Gov. Chris Christie has appointed a chief technology officer and assigned the individual, David Weinstein, with Cabinet-level status reporting directly to the governor.

Christie said the state government must do more to both safeguard the private information it receives from residents and provide a better, more user-friendly experience for the public.

“All of us see both the great potential in the burgeoning expansion of technology but we also see the perils that are involved as well,” Christie said.

Weinstein will oversee a revamped version of the Office of Information Technology. He already works for the Christie administration as chief information security officer for the Office of Homeland Security and Preparedness and is a former senior civilian at United States Cyber Command at Fort Meade.

David Weinstein is being appointed New Jersey's chief technology officer. (Tim Larsen/Governor's Office)

“Technology is both a great risk to the state but it also presents great opportunities,” Weinstein said.

“We’ll continue the work that we’ve done over the past two years to mitigate the risk, but we’ll also take very aggressive steps for the remainder of this administration to capitalize on the opportunity that technology presents the departments and agencies of this government,” he said.

Christie said “cybersecurity is the top priority” and that the current state budget includes $10 million for hardening systems against the most sophisticated cyber threats, including performing comprehensive audits of the state’s infrastructure and network over the course of the next year.

“Doing so will not only ensure that we protect the confidentiality, the availability and the integrity of our IT systems, but it will also ensure that we protect the privacy of our citizens, who entrust the government with some of their most sensitive personal information,” Christie said.

Christie said the state must also improve its use of technology.

“I refuse to accept what too many people have come to consider true, that government will always lag behind the private sector when it comes to technological innovation. We don’t have to, and it would be wrong for us to accept that,” Christie said.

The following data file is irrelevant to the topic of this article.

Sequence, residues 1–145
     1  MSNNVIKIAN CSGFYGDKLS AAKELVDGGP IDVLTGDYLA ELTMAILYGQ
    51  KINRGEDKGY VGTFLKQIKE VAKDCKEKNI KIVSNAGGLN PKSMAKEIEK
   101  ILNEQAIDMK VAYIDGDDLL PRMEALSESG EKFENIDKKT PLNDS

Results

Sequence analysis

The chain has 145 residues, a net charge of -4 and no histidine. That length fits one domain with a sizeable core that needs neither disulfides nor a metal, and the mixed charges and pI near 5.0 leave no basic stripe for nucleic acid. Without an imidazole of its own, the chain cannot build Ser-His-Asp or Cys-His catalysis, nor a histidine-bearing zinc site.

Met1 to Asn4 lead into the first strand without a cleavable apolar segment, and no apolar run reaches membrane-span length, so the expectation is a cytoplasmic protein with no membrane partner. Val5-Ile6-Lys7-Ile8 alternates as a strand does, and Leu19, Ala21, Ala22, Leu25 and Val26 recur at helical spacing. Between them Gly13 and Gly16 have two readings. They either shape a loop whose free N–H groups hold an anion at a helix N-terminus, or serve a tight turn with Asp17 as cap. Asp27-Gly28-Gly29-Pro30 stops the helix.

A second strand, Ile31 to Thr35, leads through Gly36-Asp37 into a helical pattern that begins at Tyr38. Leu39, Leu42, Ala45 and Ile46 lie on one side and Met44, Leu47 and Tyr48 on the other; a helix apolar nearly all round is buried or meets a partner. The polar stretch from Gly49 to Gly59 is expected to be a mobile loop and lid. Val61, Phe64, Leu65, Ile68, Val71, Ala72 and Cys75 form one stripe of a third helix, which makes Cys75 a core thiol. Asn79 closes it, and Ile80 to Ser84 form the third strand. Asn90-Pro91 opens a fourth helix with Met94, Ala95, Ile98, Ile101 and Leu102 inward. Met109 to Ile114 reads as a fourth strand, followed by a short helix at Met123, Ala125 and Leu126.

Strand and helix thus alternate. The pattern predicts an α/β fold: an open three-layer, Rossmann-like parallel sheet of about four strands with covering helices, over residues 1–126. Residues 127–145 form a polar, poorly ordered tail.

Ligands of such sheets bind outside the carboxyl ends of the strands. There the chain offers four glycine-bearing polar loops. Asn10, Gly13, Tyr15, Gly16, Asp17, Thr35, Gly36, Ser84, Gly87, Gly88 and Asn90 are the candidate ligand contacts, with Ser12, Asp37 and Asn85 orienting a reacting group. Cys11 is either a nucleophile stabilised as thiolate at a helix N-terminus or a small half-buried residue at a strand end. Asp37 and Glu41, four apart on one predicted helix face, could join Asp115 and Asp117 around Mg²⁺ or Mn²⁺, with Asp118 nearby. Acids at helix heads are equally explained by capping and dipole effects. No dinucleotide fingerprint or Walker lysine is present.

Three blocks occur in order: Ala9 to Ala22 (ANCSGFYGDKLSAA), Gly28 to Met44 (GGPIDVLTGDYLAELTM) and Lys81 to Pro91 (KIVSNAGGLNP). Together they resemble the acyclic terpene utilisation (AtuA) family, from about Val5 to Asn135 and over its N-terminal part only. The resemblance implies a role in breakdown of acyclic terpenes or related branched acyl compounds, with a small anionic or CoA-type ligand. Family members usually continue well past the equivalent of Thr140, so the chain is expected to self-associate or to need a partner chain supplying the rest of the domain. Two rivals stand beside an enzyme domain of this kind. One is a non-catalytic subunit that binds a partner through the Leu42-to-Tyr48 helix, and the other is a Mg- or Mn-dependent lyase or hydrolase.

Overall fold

The move comes six and a half years after the group that studied the Department of the Treasury for Christie’s transition into office recommended establishing the position of chief technology officer and suggested the Office of Information Technology should be made a separate department.

“Technology transformations don’t take place overnight, but our progress over the next 18 months will pave the way for the next governor, whoever it is, to continue what we’ve started,” Christie said.

Christie noted he’s been a victim of identity theft. In April 2014, Christie’s name and Social Security number were among hundreds found in a notebook of someone being arrested on drug charges in a Virginia hotel room. The suspect ultimately pleaded guilty to re-encoding credit cards.

“There’s very little that’s more disruptive to your personal life and to your professional life than being the victim of identity theft,” Christie said.

“After it happens to you, it is an everyday occurrence that creates risk to you and your family, both personal and financial, and creates enormous inconvenience – which would be the nicest way of putting it,” he said. “I’ve had more tax returns filed in my name in the last three years than I can count because people obtained my information and were trying to file federal tax returns on my behalf. I mean, there’s crazy stuff that happens.”